The formula for sleighing Christmas ads in 2023

Kelsey Sullivan, Janine Klimko, Rhys Hillan

The run up to Christmas, or ‘golden quarter’ spanning October to December, is one of the most profitable periods for brands and retailers in the UK. In such a critical period for sales, it’s essential that brands nail their holiday advertising. 

If you’ve been following our series of articles this year, you already know we’ve conducted extensive research to get you the key learnings from top performing Christmas ads to take with you to 2023. This includes:

But as the 2022 Christmas ad season comes to an end, we thought: How do these ads compare to 2021? Is there anything we can learn from them overall to take with us to 2023’s golden quarter? Read on for a breakdown of our final analysis of Christmas ads to set you up for success when the next holiday season rolls around. 

🎄 Top performing holiday ads

Check out our series of articles on top performing holiday ads.

Our key takeaways

Overall, brands did extremely well with their Christmas ads this year. They did an excellent job at judging the cost of living crisis mood, and instead of pushing for sales, they pushed for joy — and it seems like they got both. 

This season has also seen some of the best ad performance on record, with the top 10 Christmas ads landing in top 10% of all UK ads on overall appeal, based on the question: How much do you like this ad? These winners include: 

  1. Aldi - Kevin the Carrot

  2. Lego - Have a Playful Christmas

  3. M&S food - Fairy and Duckie

  4. Disney - The Gift

  5. Amazon - Joy is Made

  6. Asda - Have Your Elf a Merry Christmas

  7. Barbour - One of a Kind-ness

  8. Morrisons - Farmer Christmas

  9. Tesco - The Christmas Party #StandForJoy

  10. John Lewis - The Beginner

When we looked back on the winning formula we uncovered for Christmas ads in 2021, we saw that it hasn’t changed. As it stands, to make a great holiday ad, you need:

  1. Emotional connection - anemphasis on universal values of love, joy and happiness is so relevant in the holiday season

  2. Compelling storytelling - a strong storyline with a happy ending

  3. Clear connection to brand- afocus on brand building rather than promotions, communicated in a unique way that’s true to the brand 

That said, brands dialed it up even more in 2022 — resulting in a particularly successful crop of holiday ads. Here’s how: 

The winning batches: 2022 vs 2021

Overall, the crop of 2022 Christmas ads was particularly strong, much stronger than 2021. 

Seven of the 2022 Christmas ads landed in the top 10% of all UK ads in terms of overall appeal. In 2021, only Aldi’s ad landed in that top 10%. On average, the rest of the ads from last year’s Christmas season were in the top third of UK ads (still an impressive feat!).

These ads worked hard for brands both years, driving high brand appeal and brand consideration (see chart below).

Ads are plotted on this graph based on how they score on two metrics: Brand consideration and brand appeal. Brand consideration is based on the question “Based on everything you’ve seen and heard, how likely would you be to consider the brand?” Brand appeal is an aggregate measure, calculated as an average of brand linkage (“How well does the ad link with your impression of the brand?”) and overall appeal (“How much do you like the ad?”).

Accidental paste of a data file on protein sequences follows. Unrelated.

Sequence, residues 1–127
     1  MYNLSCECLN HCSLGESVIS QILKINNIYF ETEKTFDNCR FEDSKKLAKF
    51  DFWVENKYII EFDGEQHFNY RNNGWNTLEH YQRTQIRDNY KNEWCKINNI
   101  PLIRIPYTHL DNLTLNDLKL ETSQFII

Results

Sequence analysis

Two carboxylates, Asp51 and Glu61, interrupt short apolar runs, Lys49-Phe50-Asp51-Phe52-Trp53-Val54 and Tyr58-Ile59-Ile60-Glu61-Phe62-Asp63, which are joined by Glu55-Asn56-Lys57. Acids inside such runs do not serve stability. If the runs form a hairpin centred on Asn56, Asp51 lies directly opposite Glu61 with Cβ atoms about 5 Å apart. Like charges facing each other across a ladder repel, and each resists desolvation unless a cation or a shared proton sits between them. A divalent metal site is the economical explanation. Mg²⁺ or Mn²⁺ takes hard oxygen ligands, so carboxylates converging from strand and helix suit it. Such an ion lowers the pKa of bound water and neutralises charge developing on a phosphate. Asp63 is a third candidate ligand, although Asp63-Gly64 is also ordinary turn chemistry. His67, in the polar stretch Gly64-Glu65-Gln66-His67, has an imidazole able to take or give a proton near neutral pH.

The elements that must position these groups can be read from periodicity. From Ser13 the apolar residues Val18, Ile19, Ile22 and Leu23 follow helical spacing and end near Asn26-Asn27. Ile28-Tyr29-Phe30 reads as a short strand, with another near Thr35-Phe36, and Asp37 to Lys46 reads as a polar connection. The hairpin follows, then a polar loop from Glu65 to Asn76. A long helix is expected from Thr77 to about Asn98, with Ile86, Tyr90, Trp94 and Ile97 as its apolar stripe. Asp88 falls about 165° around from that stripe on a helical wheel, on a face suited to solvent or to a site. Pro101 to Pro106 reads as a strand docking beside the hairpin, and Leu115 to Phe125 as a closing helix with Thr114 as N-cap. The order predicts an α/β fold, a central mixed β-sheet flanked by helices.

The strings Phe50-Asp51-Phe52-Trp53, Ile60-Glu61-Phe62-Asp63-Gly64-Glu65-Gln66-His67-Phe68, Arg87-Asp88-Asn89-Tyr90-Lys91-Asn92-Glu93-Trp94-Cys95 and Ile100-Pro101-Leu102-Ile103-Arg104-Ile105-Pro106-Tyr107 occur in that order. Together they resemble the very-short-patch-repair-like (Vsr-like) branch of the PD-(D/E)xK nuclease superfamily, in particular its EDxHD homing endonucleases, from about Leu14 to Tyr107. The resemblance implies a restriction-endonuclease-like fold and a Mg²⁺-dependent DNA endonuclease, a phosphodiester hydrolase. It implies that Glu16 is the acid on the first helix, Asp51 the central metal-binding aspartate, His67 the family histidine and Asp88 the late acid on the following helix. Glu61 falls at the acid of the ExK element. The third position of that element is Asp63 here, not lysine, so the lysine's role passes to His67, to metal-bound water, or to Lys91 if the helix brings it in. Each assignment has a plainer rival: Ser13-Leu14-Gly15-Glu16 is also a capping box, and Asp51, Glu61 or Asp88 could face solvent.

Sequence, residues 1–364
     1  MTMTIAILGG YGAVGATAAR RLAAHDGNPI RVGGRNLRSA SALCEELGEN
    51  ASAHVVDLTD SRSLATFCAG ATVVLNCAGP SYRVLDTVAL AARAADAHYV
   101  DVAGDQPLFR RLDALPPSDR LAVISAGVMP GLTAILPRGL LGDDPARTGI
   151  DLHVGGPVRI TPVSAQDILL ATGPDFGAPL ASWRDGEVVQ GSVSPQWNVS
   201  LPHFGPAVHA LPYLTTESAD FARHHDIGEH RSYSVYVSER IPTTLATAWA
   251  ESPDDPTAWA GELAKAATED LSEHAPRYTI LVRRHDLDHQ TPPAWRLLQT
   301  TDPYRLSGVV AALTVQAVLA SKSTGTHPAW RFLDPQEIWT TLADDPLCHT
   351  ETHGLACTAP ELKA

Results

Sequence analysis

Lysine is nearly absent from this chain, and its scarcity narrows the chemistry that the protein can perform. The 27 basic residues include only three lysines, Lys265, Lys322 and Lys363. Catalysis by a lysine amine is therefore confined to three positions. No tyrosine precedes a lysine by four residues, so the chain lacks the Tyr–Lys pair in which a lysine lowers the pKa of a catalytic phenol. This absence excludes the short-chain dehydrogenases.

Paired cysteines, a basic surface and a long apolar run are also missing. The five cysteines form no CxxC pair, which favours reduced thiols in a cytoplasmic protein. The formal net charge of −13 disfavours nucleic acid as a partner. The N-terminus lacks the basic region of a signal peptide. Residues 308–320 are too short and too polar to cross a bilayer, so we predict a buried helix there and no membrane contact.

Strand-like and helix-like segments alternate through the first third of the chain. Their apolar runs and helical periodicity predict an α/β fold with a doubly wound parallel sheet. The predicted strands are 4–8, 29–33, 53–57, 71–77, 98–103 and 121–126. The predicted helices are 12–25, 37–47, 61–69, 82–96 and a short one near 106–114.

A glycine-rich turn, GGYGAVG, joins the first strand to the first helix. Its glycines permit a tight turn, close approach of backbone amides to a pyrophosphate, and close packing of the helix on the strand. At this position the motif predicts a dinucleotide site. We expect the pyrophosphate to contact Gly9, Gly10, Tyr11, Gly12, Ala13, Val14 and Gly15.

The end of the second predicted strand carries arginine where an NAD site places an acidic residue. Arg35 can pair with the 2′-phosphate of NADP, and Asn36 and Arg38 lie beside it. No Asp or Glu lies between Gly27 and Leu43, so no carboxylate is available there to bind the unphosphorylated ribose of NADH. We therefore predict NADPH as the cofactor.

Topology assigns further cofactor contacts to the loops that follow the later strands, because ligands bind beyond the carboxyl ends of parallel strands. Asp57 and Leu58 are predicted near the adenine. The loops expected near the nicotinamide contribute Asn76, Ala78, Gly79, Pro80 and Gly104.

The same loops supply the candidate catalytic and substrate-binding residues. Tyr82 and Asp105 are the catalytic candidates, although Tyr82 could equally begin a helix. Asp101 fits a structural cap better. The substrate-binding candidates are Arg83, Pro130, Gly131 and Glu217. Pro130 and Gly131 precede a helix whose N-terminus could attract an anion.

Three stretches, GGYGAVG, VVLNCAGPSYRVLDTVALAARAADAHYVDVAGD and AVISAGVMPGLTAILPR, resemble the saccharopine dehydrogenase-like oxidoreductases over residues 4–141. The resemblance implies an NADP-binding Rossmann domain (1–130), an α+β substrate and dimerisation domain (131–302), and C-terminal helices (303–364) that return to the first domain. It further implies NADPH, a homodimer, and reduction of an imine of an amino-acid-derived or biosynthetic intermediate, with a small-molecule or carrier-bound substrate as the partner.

Now let’s break down the formula for success, taking both 2022’s and 2021’s ads into consideration.

1. Dialing up the emotional connection

The power of emotion should never be underestimated when it comes to engaging people, especially at this time of year. Ultimately, the best Christmas ads make people feel uplifted, fill them with joy or take them on an emotional journey. 

Brands did just that this year. They made people forget about all the negativity from the year for a minute and simply feel the joy of Christmas. This was well-captured by a respondent for Tesco’s ad, who stated, "I liked the whole Christmas theme and it showed that you can have a good Christmas even though we are in a cost of living crisis." 

Even Asda, who’s jolly Have Your Elf a Merry Christmas ad takes place in a supermarket, made people feel a sense of happiness and excitement for the season ahead rather than talk people into buying.

Ultimately, all the top 2022 ads strongly convey positive emotions, performing significantly above average on emotions like:


Cute - 160% above norm 

This was emphasized by featuring children, fairy tale characters and animals, sometimes with animation. 

“How cute and thoughtful it was” (M&S Fairy & Duckie)

Love - 105% above norm 

The top ads this year strongly communicated the universal value of love and human connection while tapping into the magic of Christmas.

“Loved that they help each other and love each other” (Disney) “It was a story of parental love, which could not offend anyone” (Amazon)


Laughter - 97% above norm 

Not deployed as often as it should be in advertising, this years’ Christmas ads managed laughter well. The stories were intersected by entertaining moments: the amusing Fairy and Duckie in the M&S ad, the clumsiness of Paddington, fun and creative play with Lego or the lighthearted Kevin the Carrot — which consumers found particularly funny.  

“The advert was so funny, especially when the carrot lands in the snowman in a certain place!” (Aldi)

Happiness - 43% above the norm 

This was the most predominant emotion (as it is for most ads) but was dialed up further by Christmas ads, outperforming the norm by 43%. 

“Fun, colorful, made me feel happy” (Lego)

When comparing 2021 and 2022, the range of emotions is broadly similar, though 2022’s Christmas ads elicit stronger emotional responses on average with 50% of respondents feeling the above-mentioned four emotions with high intensity when watching the top ads this year — 35% more than last year.

2. Highly compelling storytelling

Successful Christmas ads can often feel like short movies, complete with a strong story arc and Christmassy feel. While the emotions evoked throughout each ad may range from laughter to sadness, they always conclude with a happy ending — sometimes an unexpected one.